Sabato, 20 Ottobre 2018
BEVAGNA

Granarium promises zero-kilometre bread products

English
© ANSA

(By Sandra Cordon)

Bevagna, April 8 - From the field right onto the
table, family-owned Granarium says it is committed to producing
bread the old-fashioned way.
That means the Lucarelli family, working in the green heart
of central Umbria, controls every step of the food production
process: from planting to harvesting the grain, grinding it,
baking it, and even selling it.
Their company, Granarium, is serious about the
"zero-kilometre" production method - every step of the process
occurs right on the farm - the way grandpa would have done it.
It has to be, for there really is no other alternative for
a small farmer to remain financially viable and independent,
says Gian Piero Lucarelli, who founded Granarium on the family
farm with his sister Patrizia less than one year ago.
Their philosophy also offers real benefits to the consumer,
who can buy flour, bread or other bakery products from Granarium
and know everything about its origins, he adds.
"Our goal is to offer the consumer a product of high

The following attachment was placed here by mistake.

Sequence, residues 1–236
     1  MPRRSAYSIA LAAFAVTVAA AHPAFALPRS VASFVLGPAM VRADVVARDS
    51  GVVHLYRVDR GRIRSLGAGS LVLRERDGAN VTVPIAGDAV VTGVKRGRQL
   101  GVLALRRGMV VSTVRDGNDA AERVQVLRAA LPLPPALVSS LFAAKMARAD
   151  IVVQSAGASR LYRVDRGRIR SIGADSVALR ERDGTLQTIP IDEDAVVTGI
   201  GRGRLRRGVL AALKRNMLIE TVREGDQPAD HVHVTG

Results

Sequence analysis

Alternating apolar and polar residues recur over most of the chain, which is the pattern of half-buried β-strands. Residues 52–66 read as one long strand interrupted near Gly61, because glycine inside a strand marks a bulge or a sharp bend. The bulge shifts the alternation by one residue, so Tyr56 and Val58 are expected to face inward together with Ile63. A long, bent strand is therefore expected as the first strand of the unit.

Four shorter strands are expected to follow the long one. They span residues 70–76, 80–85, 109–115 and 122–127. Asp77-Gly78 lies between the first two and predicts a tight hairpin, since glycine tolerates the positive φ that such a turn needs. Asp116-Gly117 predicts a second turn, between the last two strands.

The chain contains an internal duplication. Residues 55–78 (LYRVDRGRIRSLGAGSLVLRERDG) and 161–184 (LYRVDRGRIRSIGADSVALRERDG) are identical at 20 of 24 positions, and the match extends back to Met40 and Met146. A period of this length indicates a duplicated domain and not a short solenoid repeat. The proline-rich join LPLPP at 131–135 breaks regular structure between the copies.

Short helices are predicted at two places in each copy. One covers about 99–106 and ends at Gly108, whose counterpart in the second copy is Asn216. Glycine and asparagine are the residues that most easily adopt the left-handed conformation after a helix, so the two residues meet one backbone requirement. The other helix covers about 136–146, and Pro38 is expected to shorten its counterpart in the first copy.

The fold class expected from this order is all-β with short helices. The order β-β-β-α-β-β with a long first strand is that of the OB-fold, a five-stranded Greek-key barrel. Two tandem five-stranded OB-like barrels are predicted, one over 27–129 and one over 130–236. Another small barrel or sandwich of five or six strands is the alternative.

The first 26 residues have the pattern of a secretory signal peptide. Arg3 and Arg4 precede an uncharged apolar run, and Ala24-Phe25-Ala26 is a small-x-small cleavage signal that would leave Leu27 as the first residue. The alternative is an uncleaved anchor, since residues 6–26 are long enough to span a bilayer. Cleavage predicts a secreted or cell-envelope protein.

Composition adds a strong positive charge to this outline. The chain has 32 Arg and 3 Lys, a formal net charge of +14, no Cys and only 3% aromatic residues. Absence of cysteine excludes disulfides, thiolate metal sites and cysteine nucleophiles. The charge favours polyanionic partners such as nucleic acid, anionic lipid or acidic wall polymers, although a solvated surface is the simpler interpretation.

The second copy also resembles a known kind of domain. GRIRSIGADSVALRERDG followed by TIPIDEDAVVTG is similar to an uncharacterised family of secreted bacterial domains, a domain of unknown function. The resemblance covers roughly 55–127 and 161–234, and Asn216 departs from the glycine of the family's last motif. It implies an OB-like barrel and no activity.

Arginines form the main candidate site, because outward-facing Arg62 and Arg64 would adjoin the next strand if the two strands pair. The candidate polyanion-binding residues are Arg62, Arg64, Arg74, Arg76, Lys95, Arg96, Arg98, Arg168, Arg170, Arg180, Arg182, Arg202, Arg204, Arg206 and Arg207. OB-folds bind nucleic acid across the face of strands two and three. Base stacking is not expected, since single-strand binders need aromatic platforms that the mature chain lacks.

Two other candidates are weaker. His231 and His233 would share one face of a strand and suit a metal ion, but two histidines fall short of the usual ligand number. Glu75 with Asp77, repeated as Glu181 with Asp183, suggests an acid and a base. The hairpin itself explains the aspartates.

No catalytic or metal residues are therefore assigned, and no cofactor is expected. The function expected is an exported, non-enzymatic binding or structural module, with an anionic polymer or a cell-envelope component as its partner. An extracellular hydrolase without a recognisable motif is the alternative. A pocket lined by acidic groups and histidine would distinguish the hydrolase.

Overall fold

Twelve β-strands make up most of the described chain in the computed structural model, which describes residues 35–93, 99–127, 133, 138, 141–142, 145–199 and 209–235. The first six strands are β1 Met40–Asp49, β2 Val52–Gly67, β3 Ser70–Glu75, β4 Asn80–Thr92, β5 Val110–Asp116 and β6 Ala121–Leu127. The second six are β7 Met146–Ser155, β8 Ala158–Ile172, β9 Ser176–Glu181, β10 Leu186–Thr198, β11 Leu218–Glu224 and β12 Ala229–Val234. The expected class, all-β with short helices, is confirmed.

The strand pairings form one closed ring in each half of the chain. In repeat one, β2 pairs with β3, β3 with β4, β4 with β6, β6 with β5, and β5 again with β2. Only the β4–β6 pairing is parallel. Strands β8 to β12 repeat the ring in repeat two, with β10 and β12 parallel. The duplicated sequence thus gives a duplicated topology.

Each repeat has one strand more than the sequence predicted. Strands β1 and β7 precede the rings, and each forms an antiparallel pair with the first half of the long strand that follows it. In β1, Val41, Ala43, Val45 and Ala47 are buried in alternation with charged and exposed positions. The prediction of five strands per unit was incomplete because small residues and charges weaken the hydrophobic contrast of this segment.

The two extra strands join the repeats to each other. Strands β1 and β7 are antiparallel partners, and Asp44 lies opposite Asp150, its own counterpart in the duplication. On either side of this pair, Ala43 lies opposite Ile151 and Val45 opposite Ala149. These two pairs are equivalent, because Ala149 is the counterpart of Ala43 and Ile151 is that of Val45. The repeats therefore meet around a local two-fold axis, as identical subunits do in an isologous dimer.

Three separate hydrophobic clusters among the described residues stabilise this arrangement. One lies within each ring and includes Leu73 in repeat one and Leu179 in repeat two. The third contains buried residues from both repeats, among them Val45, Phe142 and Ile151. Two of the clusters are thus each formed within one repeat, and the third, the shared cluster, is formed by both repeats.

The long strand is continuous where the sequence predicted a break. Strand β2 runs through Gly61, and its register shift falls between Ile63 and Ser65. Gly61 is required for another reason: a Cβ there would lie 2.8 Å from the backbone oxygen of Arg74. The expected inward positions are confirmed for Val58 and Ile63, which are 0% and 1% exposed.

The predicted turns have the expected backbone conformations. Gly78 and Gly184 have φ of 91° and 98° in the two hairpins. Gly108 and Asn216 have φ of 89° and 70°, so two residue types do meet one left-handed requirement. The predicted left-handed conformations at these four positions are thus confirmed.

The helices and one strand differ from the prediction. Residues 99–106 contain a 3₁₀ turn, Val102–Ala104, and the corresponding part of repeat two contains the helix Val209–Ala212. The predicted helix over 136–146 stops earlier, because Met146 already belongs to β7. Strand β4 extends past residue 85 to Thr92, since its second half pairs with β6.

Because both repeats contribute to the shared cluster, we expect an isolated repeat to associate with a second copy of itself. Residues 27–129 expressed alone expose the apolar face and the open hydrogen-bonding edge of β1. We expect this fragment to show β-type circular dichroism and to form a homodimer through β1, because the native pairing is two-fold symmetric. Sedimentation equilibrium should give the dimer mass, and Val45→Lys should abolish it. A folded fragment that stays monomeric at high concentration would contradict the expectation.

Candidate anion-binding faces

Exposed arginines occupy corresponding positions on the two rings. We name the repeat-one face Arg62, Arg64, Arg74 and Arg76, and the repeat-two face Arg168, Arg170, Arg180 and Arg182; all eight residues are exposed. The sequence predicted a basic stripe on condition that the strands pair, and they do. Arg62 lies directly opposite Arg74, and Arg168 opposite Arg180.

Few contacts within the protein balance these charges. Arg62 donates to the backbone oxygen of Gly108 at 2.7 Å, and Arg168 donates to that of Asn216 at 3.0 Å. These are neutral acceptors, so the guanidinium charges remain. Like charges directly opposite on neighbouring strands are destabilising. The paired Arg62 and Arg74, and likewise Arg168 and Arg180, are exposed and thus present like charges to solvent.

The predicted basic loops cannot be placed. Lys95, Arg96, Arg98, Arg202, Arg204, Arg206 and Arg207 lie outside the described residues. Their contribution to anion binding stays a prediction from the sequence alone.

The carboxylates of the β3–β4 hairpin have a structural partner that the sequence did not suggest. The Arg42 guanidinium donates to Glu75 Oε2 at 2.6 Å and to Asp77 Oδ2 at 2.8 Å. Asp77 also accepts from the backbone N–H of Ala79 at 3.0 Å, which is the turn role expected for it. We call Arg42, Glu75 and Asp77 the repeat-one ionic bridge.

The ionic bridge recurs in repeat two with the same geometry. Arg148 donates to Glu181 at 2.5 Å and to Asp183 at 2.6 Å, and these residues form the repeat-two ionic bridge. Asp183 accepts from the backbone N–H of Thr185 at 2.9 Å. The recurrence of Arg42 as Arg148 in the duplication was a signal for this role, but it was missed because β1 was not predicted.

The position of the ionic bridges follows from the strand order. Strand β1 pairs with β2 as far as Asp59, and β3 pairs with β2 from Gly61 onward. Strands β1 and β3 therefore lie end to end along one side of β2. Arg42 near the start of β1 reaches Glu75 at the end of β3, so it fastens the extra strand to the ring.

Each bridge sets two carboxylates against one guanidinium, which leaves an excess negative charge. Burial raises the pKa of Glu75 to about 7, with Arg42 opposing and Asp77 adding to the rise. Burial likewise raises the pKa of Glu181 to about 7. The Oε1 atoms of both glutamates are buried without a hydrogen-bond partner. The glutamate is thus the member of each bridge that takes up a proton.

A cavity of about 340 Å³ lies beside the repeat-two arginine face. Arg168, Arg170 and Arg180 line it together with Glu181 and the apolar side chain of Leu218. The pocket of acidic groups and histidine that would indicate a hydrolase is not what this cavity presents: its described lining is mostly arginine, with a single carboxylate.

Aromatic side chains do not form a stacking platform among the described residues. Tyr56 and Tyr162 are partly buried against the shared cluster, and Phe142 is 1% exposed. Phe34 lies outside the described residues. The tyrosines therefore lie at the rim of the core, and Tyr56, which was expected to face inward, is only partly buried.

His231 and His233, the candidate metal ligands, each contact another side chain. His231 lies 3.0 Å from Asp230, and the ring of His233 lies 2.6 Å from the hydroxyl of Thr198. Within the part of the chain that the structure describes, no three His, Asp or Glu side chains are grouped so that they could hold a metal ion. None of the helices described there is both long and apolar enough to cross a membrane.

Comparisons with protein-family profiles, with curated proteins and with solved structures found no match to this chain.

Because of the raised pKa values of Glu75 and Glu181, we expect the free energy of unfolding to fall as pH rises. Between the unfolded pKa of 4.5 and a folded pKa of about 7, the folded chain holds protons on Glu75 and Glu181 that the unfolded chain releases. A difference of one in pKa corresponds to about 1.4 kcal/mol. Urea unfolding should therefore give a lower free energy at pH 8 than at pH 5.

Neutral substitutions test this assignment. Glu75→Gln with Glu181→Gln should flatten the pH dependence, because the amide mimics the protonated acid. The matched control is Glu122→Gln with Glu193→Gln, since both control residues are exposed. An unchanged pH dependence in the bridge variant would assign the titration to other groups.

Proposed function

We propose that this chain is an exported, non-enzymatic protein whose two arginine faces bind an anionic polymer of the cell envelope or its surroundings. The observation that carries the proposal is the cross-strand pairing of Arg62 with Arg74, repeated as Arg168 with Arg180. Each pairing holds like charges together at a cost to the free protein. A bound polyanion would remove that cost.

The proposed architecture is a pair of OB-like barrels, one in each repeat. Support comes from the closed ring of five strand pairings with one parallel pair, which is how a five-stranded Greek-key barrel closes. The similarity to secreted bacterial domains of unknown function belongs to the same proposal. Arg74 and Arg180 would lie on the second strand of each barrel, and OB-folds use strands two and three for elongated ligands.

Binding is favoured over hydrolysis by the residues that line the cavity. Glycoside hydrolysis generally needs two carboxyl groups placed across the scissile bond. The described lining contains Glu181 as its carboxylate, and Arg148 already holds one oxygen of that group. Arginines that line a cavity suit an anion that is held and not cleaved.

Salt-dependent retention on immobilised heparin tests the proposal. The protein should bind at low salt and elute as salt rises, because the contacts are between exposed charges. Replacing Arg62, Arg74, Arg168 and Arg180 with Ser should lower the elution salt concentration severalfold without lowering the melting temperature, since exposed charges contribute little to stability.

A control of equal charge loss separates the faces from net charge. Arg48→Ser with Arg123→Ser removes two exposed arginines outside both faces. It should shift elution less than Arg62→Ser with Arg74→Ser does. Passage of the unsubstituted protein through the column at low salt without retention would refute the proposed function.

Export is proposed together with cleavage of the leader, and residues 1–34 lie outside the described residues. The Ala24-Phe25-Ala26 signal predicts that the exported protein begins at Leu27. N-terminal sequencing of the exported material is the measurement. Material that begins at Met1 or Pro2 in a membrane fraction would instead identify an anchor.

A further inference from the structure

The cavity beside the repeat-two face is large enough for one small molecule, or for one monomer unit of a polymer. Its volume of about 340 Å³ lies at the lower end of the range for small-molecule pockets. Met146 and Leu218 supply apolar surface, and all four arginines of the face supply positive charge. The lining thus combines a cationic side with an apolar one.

quality, in absolute transparency of all stages of the supply
chain," Lucarelli told ANSA at his small, clean plant located a
few kilometres outside the town of Bevagna.
"A chain that is shortened by connecting the consumer with
the earth...because this is my idea of where it all started".
The Lucarelli siblings, whose company motto is "Where grain
becomes bread", are so enthusiastic about their operation that
they offer public tours of the facility, located next to the
family home.
Granarium's small retail shop is open to the back
production facility, so customers can see every step, including
the point where the grain is ground into flour using two
massive, 1929-era millstones made of natural stone.
That distinction is important because most "stones" used
today for grinding grain into flour are artificial, rather than
made of real stone, and as a result, these can heat up during
the grinding process, tainting the flour with a scorched odour.
The grain also passes through various cleaners, sifters,
humidifiers and other stages in the process of becoming flour
and being consumed.
No chemicals or preservatives are added to the grain during
this process, say the Lucarellis, sticking to their philosophy
of creating a product that grandpa would have recognized.
Shaped by hand, the dough rests in rising trays until it is
ready to be baked in a wood-fired oven fuelled by beech to get
the best heat and aroma into the product.
Small sacks of fresh flour, from white to whole-wheat, are
available as well as breads of all types, focaccia, ready-to-go
pizza, sweet cakes, biscotti, and even gift packages.
Besides being sold on-site, Granarium products are also
available at regional farmers' markets.
Out back, three tall green silos contained the grains
harvested by the Lucarellis from 15 hectares of land where they
also produce lentils and chickpeas that are available for sale
in the Granarium retail store.

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